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Skin Cancer


The numbers tell it all. Skin cancer affects more than 1 million Americans annually, making it the most common form of human cancers.

Current statistics indicate one in every five Americans will develop skin cancer within their lifetime. So, what is skin cancer, in the basic sense? It is uncontrolled growths of skin cells, usually resulting from DNA damage to skin cells, particularly from sun damage, or tanning bed exposure. If you have fair skin, blue or green eyes, and red or blonde hair, you should take special precautions (see Skin Check), as you tend to be at highest risk for skin cancer.

High Risk Factors

  • Excessive sun exposure.
  • Tanning salon exposure.
  • Fair skin.
  • Blond or red hair color.
  • Blue or green eyes.
  • Family history.
  • Immune suppression.
  • Exposure to radiation or chemicals.

Prevention

  • Avoid excessive sun exposure, seek shade between 10 a.m. – 4 p.m.
  • Wear protective clothing including wide brim hat and sunglasses.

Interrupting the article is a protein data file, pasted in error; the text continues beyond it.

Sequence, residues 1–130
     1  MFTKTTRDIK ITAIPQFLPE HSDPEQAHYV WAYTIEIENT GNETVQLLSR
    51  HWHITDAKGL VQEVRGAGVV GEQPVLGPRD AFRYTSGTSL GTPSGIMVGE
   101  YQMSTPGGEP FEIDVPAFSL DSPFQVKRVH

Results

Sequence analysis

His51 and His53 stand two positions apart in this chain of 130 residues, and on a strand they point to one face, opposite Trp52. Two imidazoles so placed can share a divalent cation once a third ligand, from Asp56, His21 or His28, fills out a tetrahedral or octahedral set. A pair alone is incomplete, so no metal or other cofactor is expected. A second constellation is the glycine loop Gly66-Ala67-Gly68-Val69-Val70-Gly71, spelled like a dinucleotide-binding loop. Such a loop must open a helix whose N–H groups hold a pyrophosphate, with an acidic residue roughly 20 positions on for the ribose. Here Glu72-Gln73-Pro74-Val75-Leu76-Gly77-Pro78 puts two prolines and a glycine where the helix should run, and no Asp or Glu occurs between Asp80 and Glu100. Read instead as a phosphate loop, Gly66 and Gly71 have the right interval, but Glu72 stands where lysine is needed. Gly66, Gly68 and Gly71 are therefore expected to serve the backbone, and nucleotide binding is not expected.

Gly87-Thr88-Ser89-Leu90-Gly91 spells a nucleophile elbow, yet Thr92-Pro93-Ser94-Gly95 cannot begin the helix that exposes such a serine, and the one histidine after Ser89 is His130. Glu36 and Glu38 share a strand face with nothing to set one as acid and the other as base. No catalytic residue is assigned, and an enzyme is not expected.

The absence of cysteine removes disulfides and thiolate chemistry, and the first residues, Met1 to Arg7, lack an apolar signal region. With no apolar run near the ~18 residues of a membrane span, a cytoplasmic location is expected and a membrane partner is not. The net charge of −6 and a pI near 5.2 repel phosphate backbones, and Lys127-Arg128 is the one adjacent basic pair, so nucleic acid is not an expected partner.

• Use daily UVA/UVB sunblock SPF 30, reapply about every two hours.

Detection

  • Routine skin screening with provider specializing in dermatology.
  • Regular self examination.

Signs and Symptoms of Skin Cancer

  • A is for Asymmetry – One half unlike the other.
  • B is for Border – Irregular, scalloped or poorly defined.
  • C is for Color – Varied from one area to another.
  • D is Diameter – Greater than 6 mm.
  • E is for Evolving – A mole or skin lesion that looks different from the rest or is changing.

The majority of skin cancers are composed of three different types: basal cell carcinoma, squamous cell carcinoma and melanoma.

If you're unsure, it's always a good idea to make an appointment with one of our practitioners.

Read about these conditions below.

Skin Check

Basal Cell Carcinoma

Melanoma

Squamous Cell Carcinoma